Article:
There’s a quiet war currently underway in our nation’s capital between District lawmakers and the legion of Congress over their attempt at sabotaging the voter-approved Initiative 71, which legalized the cultivation and possession of marijuana in the city. Although no one is certain whether the 30-day congressional review will go in favor of the District, there’s one municipal agency that claims marijuana reform is already making their lives easier – the Metropolitan Police Department.
Throughout the recent controversy surrounding the legalization of recreational marijuana as well as a rider attached to the federal budget bill preventing the city from spending money to legalize a controlled substance, it seems that everyone has forgotten that marijuana has been decriminalized in the backyard of the White House for the past six months now.
District Chief of Police Cathy Lanier said in a recent interview with D.C.’s News Channel 8, that decriminalization has made the jobs of police officers “a little bit easier” because they are no longer required to enforce a law that “really never was productive to begin with.”
This is an interesting statement from Lanier, considering that she opposed efforts to decriminalize marijuana last year, voicing concerns over children gaining easier access to weed and the potential clash with federal prohibition laws.
However, by the time the final decriminalization bill was proposed, the only influence Lanier appeared to have was in keeping the public consumption of marijuana an arrestable offense. Otherwise, the law simply decriminalized the possession of an ounce of marijuana or less, a civil infraction that is now punishable with a $25 fine rather than a streetside shakedown and jail.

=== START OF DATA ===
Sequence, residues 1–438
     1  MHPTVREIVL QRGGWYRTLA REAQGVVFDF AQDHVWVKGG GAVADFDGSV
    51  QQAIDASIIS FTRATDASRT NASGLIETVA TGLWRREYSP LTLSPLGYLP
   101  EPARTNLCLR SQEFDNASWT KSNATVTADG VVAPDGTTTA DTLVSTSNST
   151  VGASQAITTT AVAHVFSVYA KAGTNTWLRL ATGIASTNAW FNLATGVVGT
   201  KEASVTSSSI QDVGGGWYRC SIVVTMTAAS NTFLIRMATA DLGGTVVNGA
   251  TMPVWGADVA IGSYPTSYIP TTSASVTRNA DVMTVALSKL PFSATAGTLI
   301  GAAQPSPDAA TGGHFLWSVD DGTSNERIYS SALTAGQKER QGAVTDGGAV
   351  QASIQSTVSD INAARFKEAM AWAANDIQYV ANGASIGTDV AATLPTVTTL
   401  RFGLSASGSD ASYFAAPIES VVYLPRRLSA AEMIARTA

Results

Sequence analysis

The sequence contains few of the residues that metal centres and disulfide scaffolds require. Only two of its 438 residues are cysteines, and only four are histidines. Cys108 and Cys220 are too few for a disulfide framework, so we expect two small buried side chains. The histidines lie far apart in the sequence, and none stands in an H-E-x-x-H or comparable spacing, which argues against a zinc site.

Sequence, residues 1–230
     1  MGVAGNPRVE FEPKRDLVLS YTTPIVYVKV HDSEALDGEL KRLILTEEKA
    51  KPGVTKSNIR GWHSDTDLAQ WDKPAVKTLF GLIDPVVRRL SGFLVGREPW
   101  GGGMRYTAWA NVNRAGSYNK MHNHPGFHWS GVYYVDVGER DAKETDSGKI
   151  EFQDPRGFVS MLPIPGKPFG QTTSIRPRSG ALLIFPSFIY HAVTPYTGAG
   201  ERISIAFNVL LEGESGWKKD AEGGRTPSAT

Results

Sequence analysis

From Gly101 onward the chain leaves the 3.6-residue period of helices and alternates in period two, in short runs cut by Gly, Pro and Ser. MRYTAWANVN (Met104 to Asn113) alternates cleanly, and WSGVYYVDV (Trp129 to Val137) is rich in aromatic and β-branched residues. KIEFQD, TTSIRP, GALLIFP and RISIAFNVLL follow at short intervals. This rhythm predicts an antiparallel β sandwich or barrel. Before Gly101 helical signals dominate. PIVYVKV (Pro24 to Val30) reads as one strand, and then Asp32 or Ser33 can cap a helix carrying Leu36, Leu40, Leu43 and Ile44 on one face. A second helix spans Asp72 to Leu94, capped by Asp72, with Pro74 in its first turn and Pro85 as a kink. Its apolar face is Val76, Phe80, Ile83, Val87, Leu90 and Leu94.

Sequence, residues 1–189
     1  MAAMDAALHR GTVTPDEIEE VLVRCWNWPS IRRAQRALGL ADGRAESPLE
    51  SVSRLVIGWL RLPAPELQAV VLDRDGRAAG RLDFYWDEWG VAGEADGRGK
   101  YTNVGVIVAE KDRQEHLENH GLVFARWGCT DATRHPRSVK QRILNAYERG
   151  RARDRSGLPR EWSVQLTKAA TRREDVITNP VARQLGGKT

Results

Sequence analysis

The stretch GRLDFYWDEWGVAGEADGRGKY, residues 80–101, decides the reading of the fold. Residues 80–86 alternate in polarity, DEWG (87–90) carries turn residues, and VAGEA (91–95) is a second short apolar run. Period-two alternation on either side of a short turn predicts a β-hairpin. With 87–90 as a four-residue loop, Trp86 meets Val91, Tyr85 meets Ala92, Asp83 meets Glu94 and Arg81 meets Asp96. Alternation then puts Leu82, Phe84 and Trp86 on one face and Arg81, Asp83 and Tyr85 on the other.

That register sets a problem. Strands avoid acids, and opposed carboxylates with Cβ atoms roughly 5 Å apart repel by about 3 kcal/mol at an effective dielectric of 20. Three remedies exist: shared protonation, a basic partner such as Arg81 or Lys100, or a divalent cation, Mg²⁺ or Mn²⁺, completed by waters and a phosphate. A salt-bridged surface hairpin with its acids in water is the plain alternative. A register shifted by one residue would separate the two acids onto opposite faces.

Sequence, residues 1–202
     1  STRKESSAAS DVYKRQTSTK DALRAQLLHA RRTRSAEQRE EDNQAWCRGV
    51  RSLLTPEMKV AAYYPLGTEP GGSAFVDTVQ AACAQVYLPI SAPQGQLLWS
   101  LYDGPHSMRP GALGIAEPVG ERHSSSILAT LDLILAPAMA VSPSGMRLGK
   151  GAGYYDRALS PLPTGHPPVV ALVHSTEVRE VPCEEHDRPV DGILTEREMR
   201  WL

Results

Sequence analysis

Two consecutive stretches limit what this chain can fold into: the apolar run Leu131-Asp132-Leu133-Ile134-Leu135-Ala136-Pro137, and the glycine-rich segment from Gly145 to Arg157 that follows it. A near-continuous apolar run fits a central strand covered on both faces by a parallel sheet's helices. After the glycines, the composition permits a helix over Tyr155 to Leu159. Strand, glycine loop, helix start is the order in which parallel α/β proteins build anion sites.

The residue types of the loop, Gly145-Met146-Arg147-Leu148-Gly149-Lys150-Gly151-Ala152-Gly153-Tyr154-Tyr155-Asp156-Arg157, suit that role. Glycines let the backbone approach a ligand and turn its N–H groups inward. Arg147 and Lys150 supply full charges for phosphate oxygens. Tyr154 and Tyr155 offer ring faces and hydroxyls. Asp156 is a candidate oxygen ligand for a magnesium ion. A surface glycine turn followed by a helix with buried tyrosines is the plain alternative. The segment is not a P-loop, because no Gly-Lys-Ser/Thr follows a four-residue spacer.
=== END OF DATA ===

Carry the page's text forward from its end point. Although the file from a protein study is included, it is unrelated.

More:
It was a report from the American Civil Liberties Union, indicating that African Americans were eight times more susceptible to marijuana-related arrests that their white counterparts, which brought on the push to decriminalize marijuana in D.C. Yet, during Lanier’s interview earlier this week, she claimed her department has never really placed much emphasis on the possession of cannabis.
“The average officer for the past 20 years has avoided the possession of marijuana arrest because they’ve not been prosecuted for many, many years,” she said. “I mean, they’re kind of de facto not prosecuted, so it was a waste of time for the officer to make a possession of marijuana arrest, even back when I was an officer.”
Cannabis advocates are pleased with the majority of Lanier’s recent comments, all of those with the exception of her downplaying the fact that her department previously led the nation in marijuana-related arrests, and they hope that law enforcement officials across America can learn from the experience of District police and support measures to decriminalize the herb in their neck of the woods.
Do you think cannabis should be decriminalized everywhere? Why or why not? Share your thoughts in the comments.